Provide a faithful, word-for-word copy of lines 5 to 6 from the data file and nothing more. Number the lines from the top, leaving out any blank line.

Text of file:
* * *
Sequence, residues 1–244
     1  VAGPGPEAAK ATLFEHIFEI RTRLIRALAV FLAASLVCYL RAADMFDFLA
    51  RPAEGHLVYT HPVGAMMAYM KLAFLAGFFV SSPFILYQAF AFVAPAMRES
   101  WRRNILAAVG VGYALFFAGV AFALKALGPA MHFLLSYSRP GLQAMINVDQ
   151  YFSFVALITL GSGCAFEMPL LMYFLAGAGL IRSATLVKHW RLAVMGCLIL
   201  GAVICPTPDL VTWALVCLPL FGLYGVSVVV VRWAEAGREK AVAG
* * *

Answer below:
   151  YFSFVALITL GSGCAFEMPL LMYFLAGAGL IRSATLVKHW RLAVMGCLIL
   201  GAVICPTPDL VTWALVCLPL FGLYGVSVVV VRWAEAGREK AVAG